There’s a lot to like about Anna Wintour.
As editor-in-chief, she’s held the reins at fashion bible Vogue since 1988. She has a fearsome reputation, and wields enormous influence in terms of what we’re all wearing and who gets to make it big in the world of fashion.
In terms of Wintour’s charity work, she is probably best known for the annual Met Gala – raising funds for the Costume Institute of the Metropolitan Museum of Art in New York. But Wintour has also raised enormous amounts of money for AIDS charities.
Wintour’s support for the LGBTQ community extends beyond fund-raising.
According to the Herald Sun, Wintour has also been speaking out and advocating for political change.
While in Melbourne, to deliver a speech during the Australian Open tennis championship, Wintour was asked her opinion about comments made by Margaret Court – an Australian tennis champion whose name is given to one of the main venues for the Australian Open.
Margaret Court has repeatedly made headlines for homophobic statements against the LGBTQ community.
“I find it is inconsistent with the sport for Margaret Court’s name to be on the stadium that does so much to bring all people together across their differences…” said Wintour, in response to the question. “This much I think is clear to anyone who understands the spirit and joy of the game. Intolerance has no place in tennis. What we love in the stands is watching these remarkable men and women exceed themselves while being themselves in many different forms. Margaret Court was a champion on the court but a meeting point for players of all nations preferences and backgrounds should celebrate somebody that was a champion off it as well.”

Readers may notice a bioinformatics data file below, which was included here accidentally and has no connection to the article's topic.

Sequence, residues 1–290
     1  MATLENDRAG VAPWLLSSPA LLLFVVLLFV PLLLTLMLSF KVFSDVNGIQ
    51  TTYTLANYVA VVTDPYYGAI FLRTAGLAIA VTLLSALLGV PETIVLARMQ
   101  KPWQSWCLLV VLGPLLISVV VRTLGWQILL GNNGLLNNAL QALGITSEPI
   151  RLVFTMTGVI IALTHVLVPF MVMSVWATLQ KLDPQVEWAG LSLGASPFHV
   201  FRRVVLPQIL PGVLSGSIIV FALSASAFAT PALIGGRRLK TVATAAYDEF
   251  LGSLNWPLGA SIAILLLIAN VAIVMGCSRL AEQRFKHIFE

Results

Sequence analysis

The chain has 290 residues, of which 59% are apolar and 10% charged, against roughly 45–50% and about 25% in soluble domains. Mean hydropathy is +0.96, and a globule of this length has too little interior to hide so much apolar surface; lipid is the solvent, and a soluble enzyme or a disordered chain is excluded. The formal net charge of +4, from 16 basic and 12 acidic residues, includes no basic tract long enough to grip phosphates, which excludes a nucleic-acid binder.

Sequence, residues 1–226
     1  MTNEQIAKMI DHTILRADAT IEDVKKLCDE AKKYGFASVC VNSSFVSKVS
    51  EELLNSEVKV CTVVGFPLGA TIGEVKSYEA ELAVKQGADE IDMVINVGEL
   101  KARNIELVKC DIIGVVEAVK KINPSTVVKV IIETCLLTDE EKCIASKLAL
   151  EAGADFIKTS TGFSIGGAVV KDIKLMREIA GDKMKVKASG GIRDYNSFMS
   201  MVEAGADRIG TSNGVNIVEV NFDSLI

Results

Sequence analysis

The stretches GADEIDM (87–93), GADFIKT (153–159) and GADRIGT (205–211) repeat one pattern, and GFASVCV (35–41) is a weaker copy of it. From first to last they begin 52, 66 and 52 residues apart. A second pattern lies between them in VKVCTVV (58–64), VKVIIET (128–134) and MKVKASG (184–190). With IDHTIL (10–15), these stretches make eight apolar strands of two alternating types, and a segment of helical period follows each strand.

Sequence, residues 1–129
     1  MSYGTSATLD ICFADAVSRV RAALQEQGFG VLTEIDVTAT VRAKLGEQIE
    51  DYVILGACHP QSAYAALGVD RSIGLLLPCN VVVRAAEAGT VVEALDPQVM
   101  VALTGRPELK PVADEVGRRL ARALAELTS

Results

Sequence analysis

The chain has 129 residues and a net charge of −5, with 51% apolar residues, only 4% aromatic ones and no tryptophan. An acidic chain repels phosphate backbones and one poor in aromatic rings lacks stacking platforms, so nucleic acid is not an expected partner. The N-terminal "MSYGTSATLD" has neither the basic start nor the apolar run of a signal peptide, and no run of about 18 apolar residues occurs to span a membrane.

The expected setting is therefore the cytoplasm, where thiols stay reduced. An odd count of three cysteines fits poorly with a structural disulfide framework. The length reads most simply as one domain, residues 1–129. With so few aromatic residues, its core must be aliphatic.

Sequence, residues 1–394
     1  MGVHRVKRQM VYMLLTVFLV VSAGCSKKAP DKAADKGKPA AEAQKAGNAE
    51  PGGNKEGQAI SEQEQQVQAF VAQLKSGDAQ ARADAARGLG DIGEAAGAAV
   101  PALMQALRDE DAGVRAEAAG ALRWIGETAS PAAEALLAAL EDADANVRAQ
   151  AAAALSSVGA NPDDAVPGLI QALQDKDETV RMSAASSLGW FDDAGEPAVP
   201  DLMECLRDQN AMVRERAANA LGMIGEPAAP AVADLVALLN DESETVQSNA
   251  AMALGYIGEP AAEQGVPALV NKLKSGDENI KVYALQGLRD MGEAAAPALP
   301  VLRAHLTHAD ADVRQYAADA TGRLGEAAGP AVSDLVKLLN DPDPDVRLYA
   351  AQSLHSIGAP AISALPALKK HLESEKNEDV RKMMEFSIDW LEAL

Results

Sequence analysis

During the speech, Wintour had praised Australia for recently embracing marriage equality for the LGBTQ community – “The world sang in celebration with you…” said Wintour.
Wintour went on to criticise Australian Prime Minister Scott Morrison, pointing to Australia’s protracted debate about LGBTQ students and staff in religious schools.
“Some responsibility rests with those of us who have opportunities to lead, whether in sport, in business, or like those of us in journalism with a voice…” said Wintour. “Like many of you, I have been alarmed by your Prime Minister’s record on LGBTQ rights, which seems backward in all senses. That no one can be expelled from school for their orientation should not require clarification. A government should protect its people and not make it unclear whether they will be accepted. We are struggling with these issues in the US too. Fortunately though, opportunities for leadership and change extend beyond the leaders of the moment. There are many different paths towards change, and all of us can make immediate strides.”
Anna Wintour sets the standard on how to be an LGBTQ ally.